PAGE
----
[Mr] President, I present the report from the Joint Committee of Public Accounts and Audit, titled Commonwealth Grants Administration.
This Inquiry examined Commonwealth grants administration with a focus on the Auditor-General's findings and recommendations for the:
20 Million Trees Programme; Living Safe Together Grants Programme; and Indigenous Advancement Strategy.
Given the common approach of grant programmes to deliver government funding, the Committee was concerned that granting departments are not consistently applying the requirements of the Commonwealth grants framework.
The Committee was concerned that significant shortcomings remain in departments' processing of grant applications, as well as their assessment practices. Eligibility requirements were not clearly set-out in programme guidelines, applicants were treated inconsistently in relation to eligibility requirements and eligibility assessments were not conducted in a transparent or timely manner.
The Committee highlighted instances were ineligible applications proceeded through to merit assessment, and in some cases, were ultimately funded. The Committee viewed this as an important public administration issue. Grant applications that do not meet policy objectives, as expressed in eligibility criteria, should not receive funding.
The Committee acknowledged the importance of the two Grants Hubs— created as part of the whole-of-government Streamlining Grants Administration Initiative—in fostering consistency, thoroughness, and compliance with the Government's policy framework across these front- end processes. During this period of transition, newly shared arrangements may create risks where responsibilities are not clearly articulated or understood and intentions and outcomes may misalign.
The Committee recommended that the three programme departments establish formal partnership agreements with their respective Grants Hub (where they have not already done so), and ensure that new or existing arrangements:
The Committee also recognised the importance of accurate and complete advice for Ministers to make decisions to either approve or reject funding recommendations. The evidence presented revealed that the issues were not just system or process related, but also cultural. The
Committee considered the need for departments to instil cultural change, drawing attention to training as one of the fundamental features in influencing a department-wide cultural shift. The Committee recommended that the three programme departments measure the number of staff formally trained with regard to the Government's grants policy framework and quickly rectify gaps to retain sufficient expertise and ensure policy compliance.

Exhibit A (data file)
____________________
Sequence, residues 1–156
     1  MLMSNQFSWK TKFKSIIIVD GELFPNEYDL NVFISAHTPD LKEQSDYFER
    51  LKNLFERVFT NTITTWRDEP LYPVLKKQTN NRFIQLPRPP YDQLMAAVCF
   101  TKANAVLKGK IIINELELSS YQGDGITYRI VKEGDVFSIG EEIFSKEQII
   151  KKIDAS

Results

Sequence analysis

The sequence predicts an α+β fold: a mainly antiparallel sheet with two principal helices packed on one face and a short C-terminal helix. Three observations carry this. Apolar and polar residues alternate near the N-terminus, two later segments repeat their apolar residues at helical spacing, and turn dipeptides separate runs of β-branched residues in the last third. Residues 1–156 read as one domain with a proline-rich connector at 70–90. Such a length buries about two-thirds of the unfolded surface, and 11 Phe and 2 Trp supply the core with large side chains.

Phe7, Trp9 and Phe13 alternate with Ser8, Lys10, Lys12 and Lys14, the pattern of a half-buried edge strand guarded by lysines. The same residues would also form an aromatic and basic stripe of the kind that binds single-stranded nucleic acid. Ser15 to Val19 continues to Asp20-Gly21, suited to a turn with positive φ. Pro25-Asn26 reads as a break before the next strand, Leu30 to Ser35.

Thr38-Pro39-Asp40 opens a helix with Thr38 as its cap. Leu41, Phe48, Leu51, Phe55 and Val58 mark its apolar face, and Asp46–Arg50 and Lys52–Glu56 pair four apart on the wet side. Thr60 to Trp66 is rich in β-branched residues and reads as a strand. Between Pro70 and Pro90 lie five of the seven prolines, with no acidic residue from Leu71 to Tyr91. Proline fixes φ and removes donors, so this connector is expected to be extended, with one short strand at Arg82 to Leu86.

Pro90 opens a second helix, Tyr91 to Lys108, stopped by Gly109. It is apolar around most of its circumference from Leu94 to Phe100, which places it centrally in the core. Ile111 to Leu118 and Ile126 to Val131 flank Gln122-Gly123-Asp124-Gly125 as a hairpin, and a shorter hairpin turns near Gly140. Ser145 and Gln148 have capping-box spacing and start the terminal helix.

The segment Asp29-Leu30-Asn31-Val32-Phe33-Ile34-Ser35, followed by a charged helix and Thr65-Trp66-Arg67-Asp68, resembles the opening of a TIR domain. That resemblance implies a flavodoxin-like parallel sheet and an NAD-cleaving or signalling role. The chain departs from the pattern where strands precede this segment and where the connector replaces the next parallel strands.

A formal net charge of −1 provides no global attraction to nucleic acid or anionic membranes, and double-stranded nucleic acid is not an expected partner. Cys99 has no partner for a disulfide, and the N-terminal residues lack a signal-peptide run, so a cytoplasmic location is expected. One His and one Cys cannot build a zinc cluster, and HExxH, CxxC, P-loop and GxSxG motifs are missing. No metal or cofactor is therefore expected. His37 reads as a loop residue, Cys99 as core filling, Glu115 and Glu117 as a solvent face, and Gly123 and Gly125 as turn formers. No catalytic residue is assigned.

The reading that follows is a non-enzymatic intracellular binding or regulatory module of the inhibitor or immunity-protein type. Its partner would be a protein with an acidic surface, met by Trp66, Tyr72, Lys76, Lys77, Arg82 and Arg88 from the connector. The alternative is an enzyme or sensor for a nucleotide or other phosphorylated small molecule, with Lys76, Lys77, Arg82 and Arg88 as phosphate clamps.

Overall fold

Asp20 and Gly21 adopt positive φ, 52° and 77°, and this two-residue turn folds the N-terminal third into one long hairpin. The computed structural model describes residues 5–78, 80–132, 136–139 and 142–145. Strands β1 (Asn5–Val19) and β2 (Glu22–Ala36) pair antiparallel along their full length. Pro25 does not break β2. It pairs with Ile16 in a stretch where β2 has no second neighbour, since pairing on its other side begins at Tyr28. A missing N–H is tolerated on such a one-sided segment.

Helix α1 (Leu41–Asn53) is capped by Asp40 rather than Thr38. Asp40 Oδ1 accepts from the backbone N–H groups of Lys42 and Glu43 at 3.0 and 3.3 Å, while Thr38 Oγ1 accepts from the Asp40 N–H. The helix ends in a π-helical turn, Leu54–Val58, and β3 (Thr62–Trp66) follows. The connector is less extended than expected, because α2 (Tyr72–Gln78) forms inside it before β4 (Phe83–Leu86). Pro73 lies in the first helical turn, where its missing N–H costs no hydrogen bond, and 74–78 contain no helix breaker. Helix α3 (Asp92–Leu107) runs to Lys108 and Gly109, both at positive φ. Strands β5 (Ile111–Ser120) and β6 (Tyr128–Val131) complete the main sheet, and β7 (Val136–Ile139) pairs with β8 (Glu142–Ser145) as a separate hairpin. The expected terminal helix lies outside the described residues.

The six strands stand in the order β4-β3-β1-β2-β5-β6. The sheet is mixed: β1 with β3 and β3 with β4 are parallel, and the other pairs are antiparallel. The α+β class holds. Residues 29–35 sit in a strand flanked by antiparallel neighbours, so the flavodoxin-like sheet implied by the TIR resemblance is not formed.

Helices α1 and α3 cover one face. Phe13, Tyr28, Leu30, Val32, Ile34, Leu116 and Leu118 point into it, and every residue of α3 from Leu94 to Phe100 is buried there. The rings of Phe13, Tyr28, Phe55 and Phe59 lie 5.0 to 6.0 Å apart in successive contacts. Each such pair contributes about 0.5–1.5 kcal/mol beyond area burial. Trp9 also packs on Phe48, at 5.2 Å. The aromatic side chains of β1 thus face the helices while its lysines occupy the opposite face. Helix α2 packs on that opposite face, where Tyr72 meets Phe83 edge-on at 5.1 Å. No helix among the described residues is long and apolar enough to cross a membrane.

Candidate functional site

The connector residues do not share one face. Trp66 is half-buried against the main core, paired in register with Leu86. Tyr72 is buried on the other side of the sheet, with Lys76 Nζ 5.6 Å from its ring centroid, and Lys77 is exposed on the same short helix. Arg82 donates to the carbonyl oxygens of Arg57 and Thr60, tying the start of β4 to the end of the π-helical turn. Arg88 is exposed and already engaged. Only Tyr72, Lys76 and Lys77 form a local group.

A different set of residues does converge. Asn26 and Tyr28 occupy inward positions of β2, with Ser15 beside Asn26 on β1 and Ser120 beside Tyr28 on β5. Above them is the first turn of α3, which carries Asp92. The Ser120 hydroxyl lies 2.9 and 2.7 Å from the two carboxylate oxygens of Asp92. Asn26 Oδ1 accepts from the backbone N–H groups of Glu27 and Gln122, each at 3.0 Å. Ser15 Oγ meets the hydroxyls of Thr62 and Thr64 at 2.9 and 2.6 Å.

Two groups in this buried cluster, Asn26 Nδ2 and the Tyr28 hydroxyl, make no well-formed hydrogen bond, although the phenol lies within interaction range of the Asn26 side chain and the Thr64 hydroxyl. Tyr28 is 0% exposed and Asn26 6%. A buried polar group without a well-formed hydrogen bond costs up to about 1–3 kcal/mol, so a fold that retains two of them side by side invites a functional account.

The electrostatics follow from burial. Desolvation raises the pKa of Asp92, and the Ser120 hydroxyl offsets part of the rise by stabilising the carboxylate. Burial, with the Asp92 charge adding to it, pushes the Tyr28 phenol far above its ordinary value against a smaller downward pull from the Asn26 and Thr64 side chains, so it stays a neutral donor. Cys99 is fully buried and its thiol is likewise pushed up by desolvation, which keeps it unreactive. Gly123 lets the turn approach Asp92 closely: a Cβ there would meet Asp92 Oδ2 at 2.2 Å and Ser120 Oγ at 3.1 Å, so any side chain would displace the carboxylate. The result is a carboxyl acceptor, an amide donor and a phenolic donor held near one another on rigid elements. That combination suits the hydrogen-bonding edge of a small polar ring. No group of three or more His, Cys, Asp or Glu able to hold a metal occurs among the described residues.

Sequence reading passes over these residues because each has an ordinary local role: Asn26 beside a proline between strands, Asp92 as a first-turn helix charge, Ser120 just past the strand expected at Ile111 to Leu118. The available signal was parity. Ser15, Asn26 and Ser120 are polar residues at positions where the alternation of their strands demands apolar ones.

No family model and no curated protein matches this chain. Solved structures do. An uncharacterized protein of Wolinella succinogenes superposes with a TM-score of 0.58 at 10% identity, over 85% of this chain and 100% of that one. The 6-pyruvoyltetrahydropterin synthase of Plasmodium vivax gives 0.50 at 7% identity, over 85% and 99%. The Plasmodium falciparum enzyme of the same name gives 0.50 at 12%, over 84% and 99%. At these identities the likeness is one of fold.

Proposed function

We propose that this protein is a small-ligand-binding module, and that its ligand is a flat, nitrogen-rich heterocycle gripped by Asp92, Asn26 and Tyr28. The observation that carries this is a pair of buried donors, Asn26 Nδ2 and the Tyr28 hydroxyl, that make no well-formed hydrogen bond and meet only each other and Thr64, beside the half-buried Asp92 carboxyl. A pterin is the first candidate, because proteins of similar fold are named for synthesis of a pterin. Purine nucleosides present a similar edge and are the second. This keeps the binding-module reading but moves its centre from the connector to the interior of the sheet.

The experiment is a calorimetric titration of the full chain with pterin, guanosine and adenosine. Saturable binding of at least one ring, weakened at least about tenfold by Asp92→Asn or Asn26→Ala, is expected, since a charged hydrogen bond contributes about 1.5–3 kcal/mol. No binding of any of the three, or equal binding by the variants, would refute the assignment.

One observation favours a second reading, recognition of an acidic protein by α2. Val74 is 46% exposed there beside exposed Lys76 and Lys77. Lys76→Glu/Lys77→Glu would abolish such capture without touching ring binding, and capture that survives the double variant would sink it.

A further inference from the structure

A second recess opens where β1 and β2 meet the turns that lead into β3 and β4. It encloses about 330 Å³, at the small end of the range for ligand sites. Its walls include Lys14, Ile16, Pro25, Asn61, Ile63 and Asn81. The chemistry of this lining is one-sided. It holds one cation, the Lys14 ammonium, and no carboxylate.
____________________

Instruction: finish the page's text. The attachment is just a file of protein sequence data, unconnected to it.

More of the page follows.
Regarding written advice to decision-makers, the Inquiry pursued the ANAO's recurring audit finding of inadequate record keeping. The Committee highlighted that departments must maintain detailed, contemporaneous records to support funding recommendations to provide adequate assurance regarding those specific projects/activities that have been approved and the terms of that approval.
The Committee also examined departments' approaches to evaluating grants programmes—which is a key part to implementing effective granting processes. The Committee was concerned that departments are not taking a 'strong early focus' on formulating an evaluation strategy. In some cases evaluation frameworks are not formalised and/or implemented until years after a programme commences.
The Committee stressed the importance of departments actively collecting, sharing and acting upon lessons learned, encouraging 'communities of practice' as well as the development of model guidance documents. The Committee noted that while it is prudent to disseminate learnings from audits and other evaluation activities across a department, it is not simply enough to do so. Similar to many of the issues canvassed in this Inquiry, a supporting culture led by a
Department or Agency Executive team is required and should be supported as part of any training programs.
The Committee strongly supported the ANAO's recommendations (across the suite of reports) and recognised that full implementation is essential for continued shortcomings to be rectified. The Committee recommended that the three programme departments report on progress against the Auditor-General's respective recommendations, including clearly indicating whether full implementation has been achieved.
Grants continue to be used as a common approach to deliver government funding. Based on the Committee's findings in this Inquiry and given the new whole-of-government arrangements, the Committee flagged that future scrutiny of grants administration will pay attention to whether:
In conclusion, I would like to extend my thanks to all members of the Committee for their deliberations during this Inquiry.
I commend the report to the Senate.
Question agreed to.